The other day my good friend and colleague, Jeffery, publicly mocked me for not being tuned in to Anibal Sanchez’s at-the-time no-no. In his screed, Jeff notes how he sent me text, a text that compelled me to call him and find out what was going on. However, when you read a little more closely, you realize that this all happened on Saturday.
Now, I’m sure I don’t need to point this out to any of our RSBS readers but this past Saturday also happened to be a day chock-full of various other sporting events including some important early-season college football games. Being the sports enthusiast that I am and due to the Tigers’ increasingly erratic play, I made the decision to focus on college football.
What happened next is the very definition of what you are not supposed to do when a no-hitter is in the offing. Jeff texted me a vague, leading question which demanded a response. As I called and Jeff picked up the phone, Sanchez let loose the the pitch that would end the no-hit bid. Now, I ask you, members of the jury, who bears the blame for this unfortunate series of events? Is it Allen, the attentive friend, responding to his buddy’s inarticulate and unclear question? Or is it Jeff, the person who set these events in motion and instigated the fateful phone call?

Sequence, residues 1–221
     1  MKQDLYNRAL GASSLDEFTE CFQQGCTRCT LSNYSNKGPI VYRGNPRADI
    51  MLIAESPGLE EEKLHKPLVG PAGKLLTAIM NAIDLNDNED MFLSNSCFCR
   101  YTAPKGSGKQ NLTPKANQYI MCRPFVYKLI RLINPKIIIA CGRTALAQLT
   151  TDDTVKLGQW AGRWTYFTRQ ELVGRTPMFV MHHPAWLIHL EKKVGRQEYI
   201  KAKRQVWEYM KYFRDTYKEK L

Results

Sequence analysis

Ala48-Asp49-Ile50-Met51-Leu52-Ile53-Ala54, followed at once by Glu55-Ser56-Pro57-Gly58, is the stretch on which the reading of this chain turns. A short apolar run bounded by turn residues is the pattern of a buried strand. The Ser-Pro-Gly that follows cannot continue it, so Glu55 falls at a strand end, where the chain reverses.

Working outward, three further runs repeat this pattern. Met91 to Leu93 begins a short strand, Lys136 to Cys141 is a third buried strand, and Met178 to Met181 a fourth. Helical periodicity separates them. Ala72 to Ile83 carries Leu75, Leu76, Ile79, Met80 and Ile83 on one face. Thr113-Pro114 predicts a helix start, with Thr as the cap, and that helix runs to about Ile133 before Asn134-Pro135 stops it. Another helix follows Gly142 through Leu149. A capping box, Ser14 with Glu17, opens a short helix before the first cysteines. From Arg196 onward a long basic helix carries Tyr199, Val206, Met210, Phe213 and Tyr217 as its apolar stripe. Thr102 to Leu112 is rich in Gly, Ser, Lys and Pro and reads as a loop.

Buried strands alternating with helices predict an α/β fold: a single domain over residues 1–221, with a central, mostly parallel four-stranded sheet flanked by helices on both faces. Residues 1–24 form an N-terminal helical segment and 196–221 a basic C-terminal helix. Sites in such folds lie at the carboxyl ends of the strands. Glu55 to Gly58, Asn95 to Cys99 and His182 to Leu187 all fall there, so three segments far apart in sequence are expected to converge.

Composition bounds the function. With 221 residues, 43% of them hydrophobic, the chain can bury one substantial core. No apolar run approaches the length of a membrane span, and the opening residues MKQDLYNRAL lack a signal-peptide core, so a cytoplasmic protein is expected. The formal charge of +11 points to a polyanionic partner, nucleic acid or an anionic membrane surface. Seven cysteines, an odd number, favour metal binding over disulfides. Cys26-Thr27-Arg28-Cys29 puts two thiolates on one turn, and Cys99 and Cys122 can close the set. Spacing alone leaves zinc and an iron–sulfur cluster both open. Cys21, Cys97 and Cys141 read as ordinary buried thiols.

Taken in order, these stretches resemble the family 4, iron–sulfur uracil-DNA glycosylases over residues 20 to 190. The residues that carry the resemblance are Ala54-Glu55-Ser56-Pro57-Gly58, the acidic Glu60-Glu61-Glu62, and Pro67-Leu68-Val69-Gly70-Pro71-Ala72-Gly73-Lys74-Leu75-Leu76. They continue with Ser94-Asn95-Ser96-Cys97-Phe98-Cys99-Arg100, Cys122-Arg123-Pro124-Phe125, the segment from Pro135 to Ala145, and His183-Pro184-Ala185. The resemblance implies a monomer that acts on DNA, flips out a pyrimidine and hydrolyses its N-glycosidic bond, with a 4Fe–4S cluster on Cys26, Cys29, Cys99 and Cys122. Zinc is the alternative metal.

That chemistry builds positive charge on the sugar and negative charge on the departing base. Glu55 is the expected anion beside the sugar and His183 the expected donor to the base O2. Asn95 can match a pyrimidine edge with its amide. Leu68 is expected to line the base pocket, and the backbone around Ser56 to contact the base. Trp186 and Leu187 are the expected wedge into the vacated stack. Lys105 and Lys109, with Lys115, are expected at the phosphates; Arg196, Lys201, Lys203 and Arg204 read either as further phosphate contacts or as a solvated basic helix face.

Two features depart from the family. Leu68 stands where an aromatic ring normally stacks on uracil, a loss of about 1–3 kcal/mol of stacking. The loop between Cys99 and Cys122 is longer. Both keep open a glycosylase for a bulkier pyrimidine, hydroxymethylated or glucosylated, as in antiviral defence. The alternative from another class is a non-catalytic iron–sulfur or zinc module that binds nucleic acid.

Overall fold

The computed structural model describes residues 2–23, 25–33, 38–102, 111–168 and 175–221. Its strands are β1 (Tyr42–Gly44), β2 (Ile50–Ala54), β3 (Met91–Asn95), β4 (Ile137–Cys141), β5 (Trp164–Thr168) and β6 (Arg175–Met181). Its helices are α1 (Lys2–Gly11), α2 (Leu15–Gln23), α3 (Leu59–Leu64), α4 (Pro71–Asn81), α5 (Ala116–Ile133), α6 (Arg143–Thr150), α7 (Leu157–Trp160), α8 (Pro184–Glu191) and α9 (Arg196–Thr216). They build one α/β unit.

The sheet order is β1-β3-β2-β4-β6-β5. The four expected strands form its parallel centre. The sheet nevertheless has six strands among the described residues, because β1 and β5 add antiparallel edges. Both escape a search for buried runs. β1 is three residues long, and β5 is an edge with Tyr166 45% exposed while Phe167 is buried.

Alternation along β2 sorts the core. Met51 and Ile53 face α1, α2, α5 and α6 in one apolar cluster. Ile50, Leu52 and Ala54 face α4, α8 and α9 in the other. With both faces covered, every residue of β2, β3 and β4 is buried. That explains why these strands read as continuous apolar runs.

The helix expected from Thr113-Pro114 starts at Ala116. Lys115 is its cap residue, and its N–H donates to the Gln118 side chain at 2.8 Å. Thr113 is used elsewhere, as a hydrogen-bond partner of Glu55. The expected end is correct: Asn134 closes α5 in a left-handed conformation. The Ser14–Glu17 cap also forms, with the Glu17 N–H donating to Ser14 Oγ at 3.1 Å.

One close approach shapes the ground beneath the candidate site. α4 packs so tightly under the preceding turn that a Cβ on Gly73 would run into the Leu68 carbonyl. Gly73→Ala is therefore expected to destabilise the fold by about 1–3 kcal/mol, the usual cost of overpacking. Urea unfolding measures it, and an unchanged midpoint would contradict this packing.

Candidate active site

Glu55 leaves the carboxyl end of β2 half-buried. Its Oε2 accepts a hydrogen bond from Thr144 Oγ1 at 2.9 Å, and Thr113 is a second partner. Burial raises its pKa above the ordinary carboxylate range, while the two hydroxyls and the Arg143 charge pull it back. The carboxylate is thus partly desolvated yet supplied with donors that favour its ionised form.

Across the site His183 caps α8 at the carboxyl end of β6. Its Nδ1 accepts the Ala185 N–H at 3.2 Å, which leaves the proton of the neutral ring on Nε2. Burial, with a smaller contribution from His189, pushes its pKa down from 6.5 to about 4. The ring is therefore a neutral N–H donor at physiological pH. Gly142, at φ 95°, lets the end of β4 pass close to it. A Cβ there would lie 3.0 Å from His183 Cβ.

The answer is clear my friends. And if Johnny Cochran were here with us today, this would be the point where we’d hear him say: “Texting is key, Jeff’s guilty.”
Superstition is not something I find myself drawn to ordinarily; however, certain recent circumstances have led me to question even my own staunch stance in reality. On Saturday, while witnessing Anibal Sanchez’s no-hit bid against the lowly Indians, I thought to myself, surely my obstinate and beleaguered colleague, Mr. Krause, is enjoying this little bit of history-in-the-making.
To be sure, I sent him a simple (non-superstitious text) that read: You know what’s happening right now, don’t you?
Unfortunately, as the baseball gods shook their invisible heads in shame, Mr. Krause responded with a phone call, to ask me what I was talking about, and as soon as I answered the phone, Carlos Santana drove a deep drive over Austin Jackson’s head and the drama was dead.
Good job, Mr. Krause. Seems to be quite the formula for the Tigers this season: flashes of brilliance followed by complete disappointment. How long will the White Sox stay ahead of the Tigers? Until the end of the season. That’s how I see it.
As for me and my Cardinal fanatic family, sure we’ve been victimized by the same sort of blasé play lately; but never fear… our SAVIOR will be HERE… FRIDAY.
Hate me ‘cuz it’s Monday, just don’t hate me ‘cuz I’m right.